“There are two kinds of people in this world,” we are told. I would suggest this observation should end with: “Those who can safely use a dictionary and those who cannot.” Sadly I am one of those who is drawn on from one word to the next by the irresistible call of the see also link. People with this affliction often come to their senses and realize they have spent hours immersed in Wikipedia, or that they now have nearly every volume of the Britannica or Early Christian Fathers piled on their desk.
This morning I began jotting notes toward a simple explanation in Cebuano of the foreign word “Orthodoxy.” As an unsatisfying calque, I can say saktong himaya, saktong pagtuo or saktong pagsimba… and you’ve already gone off clicking on the links, haven’t you. I see I am not the only one suffering from this condition!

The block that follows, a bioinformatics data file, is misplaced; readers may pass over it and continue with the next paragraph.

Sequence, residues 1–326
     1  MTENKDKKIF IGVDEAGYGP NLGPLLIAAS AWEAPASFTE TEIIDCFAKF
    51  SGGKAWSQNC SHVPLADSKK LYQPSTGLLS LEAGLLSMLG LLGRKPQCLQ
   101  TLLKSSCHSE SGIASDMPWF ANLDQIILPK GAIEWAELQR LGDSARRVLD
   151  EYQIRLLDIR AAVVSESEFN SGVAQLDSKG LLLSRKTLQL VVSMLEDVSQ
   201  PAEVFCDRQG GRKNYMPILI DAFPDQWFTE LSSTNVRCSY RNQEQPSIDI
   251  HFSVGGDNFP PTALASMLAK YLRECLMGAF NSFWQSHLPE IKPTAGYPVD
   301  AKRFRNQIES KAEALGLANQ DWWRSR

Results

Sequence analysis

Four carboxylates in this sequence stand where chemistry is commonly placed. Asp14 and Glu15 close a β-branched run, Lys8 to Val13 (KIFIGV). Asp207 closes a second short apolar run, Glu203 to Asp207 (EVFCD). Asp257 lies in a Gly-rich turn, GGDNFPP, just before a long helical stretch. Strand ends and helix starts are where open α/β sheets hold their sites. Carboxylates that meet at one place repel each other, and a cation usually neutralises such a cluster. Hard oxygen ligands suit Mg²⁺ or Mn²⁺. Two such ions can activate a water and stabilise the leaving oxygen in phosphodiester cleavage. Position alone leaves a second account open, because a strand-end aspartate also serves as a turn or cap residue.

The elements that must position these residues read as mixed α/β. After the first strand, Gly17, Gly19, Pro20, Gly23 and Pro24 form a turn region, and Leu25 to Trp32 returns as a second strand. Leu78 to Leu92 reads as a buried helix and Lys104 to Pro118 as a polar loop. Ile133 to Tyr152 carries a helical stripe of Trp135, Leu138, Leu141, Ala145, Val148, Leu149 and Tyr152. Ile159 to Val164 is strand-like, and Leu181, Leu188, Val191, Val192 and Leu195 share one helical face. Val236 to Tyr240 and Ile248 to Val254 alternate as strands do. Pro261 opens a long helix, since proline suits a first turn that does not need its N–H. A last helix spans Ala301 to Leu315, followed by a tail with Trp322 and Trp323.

After a few hours of reading and jotting notes, I have certainly not put together a concise article ready for translation into Cebuano. In fact, unless you are a certified Word-nerd™ it may be of no interest at all. But posting it here seems as good a way as any to have it available for reference. So, without further apology, some notes on Orthodoxy, glory, worship, and several notable rabbit-trail diversions:
We translate “Orthodoxy” in two different ways: right worship and right faith. (I would say right glory, but the word “glory” is itself in need of some unpacking. More on that in a moment.) Orthodoxy is a two-part word. The first half, orthos, means straight, upright, true, correct. This is why a doctor who straightens teeth is called an orthodontist. The other half of the word is doxa. This comes from a root word dokein, meaning “to appear, to seem, to think, to accept.” Doxa came to mean “opinion others have regarding someone (good or bad), reputation, fame.” In this sense doxa expresses the belief of the one holding an opinion.